Clarity First Newsletter, December 16, 2016

U.S. President Barack Obama dances tango during a state dinner hosted by Argentina's President Mauricio Macri at the Centro Cultural Kirchner as part of President Obama's two-day visit to Argentina, in Buenos Aires March 23, 2016. REUTERS/Carlos Barria TPX IMAGES OF THE DAY - RTSBZHY

“The world is getting too small for an Us and a Them. Us and Them have become codependent, intertwined, fixed to one another. We have no separate fates, but are bound together in one. And our fear of one another is the only thing capable of our undoing.” – Sam Killermann

I picked up this quote from our friends at Orion Magazine. His assertion that our fates are bound as one and that fear is the only thing that can undo us got me thinking.

If fear is the only thing capable of our undoing, then its opposite might be capable of knitting us together.

But, what is the opposite of fear?
Article: What is the opposite of fear?

The fastest way to change is to slow down and engage your stakeholders first.

Their contribution is priceless, and their sense of engagement and ownership will ensure that the change is lasting and meaningful.
Article: Why the longer road is often the shortest path.

The most important value that you can embrace as part of your innovation programs is diversity.

Ideas rely on collisions with other ideas, and the most disruptive and transformational changes come from unlikely combinations and challenges to one another’s original conceptions. Enter diversity.

Article: The Importance of Diversity in Innovation: 3 Tactics to Enrich Workplace Diversity

Hate might win the battle, but love will win the war.

Poem: Love Will Win the War

Compassion is a potential tool for communicators who want to build support for government climate change actions across the political spectrum.

Curbing carbon emissions demands personal change for the sake of strangers. It also requires regulatory revisions. Two researchers explored whether support for government intervention to mitigate climate change could be bolstered by feelings of compassion.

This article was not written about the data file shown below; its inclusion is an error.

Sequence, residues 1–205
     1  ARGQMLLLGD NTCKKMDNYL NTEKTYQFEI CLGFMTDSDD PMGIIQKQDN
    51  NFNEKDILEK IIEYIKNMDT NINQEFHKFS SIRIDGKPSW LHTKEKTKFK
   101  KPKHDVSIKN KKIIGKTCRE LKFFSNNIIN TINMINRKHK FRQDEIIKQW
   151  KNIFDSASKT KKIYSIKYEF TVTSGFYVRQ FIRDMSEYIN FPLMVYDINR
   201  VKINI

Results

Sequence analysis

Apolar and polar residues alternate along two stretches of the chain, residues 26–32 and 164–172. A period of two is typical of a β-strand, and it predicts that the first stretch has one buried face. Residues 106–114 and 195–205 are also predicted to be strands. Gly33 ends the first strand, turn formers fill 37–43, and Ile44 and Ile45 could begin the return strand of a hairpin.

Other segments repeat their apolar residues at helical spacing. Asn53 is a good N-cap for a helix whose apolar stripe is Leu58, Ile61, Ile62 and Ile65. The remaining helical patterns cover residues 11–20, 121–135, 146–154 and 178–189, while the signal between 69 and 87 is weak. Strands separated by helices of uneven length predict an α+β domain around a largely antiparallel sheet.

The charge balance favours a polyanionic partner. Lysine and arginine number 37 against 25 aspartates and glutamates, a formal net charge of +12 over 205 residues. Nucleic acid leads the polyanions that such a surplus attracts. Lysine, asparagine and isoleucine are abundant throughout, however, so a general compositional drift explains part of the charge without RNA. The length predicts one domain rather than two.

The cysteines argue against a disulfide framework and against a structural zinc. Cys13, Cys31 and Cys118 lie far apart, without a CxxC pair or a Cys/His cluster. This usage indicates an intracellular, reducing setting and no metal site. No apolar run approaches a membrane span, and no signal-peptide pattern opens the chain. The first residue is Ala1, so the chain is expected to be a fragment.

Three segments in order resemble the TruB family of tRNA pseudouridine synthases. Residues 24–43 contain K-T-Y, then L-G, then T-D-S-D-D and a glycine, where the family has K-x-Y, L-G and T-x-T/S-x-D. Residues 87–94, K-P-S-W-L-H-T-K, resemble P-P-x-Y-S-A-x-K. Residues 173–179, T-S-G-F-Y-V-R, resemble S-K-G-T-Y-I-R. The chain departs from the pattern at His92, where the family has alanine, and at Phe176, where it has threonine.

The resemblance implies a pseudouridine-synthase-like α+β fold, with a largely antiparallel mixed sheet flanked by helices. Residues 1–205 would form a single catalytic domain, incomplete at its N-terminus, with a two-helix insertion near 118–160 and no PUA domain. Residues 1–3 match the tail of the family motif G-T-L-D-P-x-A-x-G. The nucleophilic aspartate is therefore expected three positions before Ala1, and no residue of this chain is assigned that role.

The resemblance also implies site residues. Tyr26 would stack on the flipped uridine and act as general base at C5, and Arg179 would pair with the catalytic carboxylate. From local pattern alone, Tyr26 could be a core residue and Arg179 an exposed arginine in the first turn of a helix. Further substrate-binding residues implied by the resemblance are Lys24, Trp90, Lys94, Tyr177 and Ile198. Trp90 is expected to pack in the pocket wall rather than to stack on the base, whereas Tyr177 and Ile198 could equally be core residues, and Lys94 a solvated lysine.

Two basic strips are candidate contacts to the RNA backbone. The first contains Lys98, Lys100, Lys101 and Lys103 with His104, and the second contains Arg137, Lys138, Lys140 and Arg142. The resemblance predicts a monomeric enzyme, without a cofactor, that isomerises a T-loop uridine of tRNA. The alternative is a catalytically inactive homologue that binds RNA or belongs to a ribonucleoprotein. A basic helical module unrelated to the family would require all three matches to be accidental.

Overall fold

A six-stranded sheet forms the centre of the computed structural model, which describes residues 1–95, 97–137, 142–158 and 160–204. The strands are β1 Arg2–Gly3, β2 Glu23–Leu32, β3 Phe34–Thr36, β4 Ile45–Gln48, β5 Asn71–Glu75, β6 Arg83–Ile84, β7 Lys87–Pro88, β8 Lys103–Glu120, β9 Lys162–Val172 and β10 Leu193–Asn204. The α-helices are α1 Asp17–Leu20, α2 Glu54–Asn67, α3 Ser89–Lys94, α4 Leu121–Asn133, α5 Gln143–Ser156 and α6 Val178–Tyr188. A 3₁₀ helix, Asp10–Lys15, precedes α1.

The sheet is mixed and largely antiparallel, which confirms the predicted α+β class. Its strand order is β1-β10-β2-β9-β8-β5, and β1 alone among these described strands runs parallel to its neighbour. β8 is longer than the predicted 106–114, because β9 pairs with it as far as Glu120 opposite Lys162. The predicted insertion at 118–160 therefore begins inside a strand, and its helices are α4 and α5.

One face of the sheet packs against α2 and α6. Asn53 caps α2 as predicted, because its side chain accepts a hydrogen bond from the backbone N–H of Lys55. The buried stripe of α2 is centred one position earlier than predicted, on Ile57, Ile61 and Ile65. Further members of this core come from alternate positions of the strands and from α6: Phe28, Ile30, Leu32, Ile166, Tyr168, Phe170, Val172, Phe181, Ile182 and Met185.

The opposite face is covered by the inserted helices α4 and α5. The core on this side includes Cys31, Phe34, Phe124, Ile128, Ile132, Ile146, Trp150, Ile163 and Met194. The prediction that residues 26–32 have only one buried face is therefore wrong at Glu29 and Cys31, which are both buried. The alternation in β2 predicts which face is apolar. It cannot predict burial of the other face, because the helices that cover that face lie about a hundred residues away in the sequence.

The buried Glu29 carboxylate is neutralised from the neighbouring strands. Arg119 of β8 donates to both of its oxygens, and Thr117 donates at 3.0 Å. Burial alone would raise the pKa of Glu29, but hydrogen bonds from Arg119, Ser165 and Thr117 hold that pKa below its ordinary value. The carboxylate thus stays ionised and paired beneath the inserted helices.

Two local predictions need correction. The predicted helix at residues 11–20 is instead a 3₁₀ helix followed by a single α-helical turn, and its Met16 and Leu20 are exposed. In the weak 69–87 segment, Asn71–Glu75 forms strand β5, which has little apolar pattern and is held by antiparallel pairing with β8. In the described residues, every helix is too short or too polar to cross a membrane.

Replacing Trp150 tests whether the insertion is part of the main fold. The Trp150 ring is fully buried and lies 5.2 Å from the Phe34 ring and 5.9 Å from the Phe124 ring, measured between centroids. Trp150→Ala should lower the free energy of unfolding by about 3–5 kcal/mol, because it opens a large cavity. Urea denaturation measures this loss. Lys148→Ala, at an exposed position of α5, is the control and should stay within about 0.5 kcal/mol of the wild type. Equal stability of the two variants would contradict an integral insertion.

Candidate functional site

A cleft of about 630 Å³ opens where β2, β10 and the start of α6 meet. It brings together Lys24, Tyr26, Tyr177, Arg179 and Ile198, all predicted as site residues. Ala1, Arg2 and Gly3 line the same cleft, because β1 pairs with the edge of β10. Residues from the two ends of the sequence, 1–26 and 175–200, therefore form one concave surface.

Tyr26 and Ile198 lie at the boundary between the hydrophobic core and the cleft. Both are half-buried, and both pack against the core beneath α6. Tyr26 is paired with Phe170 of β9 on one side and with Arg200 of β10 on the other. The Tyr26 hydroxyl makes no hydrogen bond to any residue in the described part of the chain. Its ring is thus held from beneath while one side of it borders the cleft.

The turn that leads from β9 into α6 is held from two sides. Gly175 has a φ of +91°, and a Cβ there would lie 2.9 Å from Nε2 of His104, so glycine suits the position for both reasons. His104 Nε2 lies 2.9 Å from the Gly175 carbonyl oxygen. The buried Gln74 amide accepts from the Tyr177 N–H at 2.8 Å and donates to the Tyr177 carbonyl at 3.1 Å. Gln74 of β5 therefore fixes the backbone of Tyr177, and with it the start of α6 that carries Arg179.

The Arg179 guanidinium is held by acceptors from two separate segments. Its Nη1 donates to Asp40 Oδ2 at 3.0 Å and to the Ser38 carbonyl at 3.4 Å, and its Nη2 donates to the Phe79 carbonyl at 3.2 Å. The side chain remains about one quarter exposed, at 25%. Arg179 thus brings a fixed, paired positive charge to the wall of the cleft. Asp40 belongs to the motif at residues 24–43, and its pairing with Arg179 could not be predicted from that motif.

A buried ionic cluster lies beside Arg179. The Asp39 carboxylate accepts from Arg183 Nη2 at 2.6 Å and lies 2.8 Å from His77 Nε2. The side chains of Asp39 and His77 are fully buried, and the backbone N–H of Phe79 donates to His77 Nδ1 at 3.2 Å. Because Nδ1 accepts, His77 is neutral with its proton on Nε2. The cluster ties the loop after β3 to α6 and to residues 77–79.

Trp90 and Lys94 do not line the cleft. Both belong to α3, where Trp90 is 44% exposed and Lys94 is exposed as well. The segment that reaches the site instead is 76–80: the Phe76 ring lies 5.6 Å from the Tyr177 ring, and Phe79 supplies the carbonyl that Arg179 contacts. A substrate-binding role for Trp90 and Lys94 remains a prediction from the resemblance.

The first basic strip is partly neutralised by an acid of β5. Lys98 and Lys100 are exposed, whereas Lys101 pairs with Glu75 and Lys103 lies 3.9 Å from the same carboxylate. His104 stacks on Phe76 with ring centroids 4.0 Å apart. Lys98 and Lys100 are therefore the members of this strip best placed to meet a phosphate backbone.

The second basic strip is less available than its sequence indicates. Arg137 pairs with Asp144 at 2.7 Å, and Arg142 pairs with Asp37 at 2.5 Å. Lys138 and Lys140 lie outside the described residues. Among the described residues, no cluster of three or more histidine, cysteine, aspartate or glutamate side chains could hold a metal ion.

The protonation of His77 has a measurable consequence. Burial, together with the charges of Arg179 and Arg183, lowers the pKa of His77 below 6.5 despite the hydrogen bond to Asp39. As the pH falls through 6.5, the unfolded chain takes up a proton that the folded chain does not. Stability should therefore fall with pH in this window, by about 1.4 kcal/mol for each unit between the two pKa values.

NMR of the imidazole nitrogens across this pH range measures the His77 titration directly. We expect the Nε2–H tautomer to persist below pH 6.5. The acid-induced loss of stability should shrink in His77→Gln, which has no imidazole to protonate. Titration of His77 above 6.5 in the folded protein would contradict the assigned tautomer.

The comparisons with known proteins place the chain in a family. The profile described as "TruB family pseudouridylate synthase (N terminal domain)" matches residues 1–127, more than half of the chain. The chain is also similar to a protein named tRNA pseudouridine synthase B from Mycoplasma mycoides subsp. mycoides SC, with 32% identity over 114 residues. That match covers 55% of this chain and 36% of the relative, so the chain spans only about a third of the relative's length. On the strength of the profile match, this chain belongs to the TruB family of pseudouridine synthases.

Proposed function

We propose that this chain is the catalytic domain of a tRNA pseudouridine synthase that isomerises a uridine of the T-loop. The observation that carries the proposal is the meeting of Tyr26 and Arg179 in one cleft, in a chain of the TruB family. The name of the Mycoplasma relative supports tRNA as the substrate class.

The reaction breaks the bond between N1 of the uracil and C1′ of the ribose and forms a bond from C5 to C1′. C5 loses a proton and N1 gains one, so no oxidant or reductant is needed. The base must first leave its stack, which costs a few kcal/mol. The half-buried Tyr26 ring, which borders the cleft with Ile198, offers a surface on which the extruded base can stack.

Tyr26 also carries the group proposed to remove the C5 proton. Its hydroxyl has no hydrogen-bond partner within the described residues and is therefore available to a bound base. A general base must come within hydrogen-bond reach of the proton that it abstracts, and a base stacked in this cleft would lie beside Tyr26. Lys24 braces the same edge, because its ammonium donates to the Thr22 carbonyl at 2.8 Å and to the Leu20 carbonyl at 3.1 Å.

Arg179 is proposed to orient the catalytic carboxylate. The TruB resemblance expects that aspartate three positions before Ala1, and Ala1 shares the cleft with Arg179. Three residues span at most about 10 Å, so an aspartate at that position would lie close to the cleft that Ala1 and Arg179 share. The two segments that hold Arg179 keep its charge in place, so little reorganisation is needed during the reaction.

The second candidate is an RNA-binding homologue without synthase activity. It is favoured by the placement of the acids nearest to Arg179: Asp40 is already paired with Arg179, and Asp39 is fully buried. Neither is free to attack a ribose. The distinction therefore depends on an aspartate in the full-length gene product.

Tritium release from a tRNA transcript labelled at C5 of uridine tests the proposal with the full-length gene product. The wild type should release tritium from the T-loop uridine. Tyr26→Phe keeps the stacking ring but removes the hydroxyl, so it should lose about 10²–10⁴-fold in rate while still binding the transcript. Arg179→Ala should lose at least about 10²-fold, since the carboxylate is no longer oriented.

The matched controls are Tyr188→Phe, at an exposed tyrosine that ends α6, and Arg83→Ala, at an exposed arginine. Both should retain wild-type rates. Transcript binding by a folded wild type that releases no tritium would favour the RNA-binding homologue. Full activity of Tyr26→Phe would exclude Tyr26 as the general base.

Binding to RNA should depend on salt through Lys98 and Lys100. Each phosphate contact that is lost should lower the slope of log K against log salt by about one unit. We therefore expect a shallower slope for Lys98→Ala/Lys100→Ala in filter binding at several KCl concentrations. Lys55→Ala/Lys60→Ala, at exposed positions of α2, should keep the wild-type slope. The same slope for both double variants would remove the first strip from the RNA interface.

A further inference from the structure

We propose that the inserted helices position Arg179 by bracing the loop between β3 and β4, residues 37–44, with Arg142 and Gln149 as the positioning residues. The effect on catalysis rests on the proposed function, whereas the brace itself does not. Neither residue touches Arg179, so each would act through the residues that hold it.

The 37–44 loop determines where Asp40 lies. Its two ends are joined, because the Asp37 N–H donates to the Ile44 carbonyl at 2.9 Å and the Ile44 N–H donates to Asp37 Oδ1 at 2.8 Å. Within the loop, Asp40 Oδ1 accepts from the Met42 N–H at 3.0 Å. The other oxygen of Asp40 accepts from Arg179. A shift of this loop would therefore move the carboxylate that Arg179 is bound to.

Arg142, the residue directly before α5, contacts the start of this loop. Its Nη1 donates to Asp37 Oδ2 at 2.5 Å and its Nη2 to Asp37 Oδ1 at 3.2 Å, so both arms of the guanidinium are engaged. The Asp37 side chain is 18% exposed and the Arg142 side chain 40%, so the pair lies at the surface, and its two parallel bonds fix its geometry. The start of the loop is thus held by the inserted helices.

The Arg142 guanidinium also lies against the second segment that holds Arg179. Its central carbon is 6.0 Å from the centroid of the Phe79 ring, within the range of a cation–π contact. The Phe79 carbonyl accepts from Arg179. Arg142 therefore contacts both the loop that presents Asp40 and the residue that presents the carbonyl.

Article: Compassion Can Help Us Cross Political Boundaries.

Design and branding firm gets political.

Sagmeister & Walsh, The NYC design firm known for audaciously fresh brand identities, commercials, websites and apps, has launched Pins Won’t Save the World, an audaciously fresh online swag store that commits all of its proceeds to supporting progressive causes that are under threat by Trump and his administration.
Article: Pins and Ts raise money for charities that support causes under threat by Trump.

Teamwork is more capable than economic coordination or central decision making.

Complex systems scientist Yaneer Bar-Yam is convinced that all forms of governance are failing their citizens — dictatorships and communism failed in the last part of the 20th century, and in this century democracies are not meeting citizen expectations. No matter which leaders are chosen, the systems themselves are failing. He suggests that we need a metamorphosis of social organization in which leadership no longer serves the role it has over millennia. He predicts that a different type of existence will emerge, one that will enable us to live in a complex world. At the heart of this new model is teams, teams that range from a few individuals to many, in one place or spanning the globe.
Article: Teams: A Manifesto


This week Nora Jones’ latest album, Day Breaks, has been on the office speakers a lot. It’s true jazz, meaning it’s a groove stew of pop, R&B, soul and spices hard to name. Her touring band includes Jason Roberts on guitar, who helps make her jazz rock, too. Here she is with that amazing band performing live on KCRW.

Images of the week

The small photo in the headers by Muhammed Muheisen is of Syrian refugee girl Amna Zughayar, 9, from Deir el-Zour, Syria. She is posing at an informal tented settlement near the Syrian border on the outskirts of Mafraq, Jordan. The larger image by Carlos Barria is of President Barack Obama dancing a tango during a state dinner hosted by Argentina’s President Mauricio Macri in Buenos Aires, on March 23, 2016. These are two of the images The Atlantic posted as 2016: The Year in Photos. Have we ever seen a president so cool?

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